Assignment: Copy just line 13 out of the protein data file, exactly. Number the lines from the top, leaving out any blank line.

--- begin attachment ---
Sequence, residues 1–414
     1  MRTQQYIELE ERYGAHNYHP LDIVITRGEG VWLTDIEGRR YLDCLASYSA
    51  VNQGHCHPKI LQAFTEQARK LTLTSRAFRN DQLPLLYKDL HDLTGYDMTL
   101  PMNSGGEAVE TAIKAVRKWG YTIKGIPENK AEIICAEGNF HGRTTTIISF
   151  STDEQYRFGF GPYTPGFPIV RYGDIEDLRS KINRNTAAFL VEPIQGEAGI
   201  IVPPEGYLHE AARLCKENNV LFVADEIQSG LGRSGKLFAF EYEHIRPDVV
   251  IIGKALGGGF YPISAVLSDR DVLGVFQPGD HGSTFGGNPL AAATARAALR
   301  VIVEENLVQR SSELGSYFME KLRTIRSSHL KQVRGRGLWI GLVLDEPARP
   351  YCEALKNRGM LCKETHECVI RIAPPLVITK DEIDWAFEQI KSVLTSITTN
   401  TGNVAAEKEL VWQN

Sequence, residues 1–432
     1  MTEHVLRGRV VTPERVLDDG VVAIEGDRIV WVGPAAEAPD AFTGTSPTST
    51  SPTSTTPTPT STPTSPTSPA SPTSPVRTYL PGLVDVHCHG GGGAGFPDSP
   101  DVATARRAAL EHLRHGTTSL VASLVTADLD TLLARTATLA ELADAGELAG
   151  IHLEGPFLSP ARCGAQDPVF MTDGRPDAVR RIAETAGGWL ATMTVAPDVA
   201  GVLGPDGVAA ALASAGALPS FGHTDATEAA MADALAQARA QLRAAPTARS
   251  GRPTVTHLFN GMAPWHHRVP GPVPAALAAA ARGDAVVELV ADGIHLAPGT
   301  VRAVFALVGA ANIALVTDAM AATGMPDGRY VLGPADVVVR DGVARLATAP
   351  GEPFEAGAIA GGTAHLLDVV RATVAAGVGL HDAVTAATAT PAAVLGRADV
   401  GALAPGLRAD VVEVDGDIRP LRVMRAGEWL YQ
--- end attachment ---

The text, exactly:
    51  SPTSTTPTPT STPTSPTSPA SPTSPVRTYL PGLVDVHCHG GGGAGFPDSP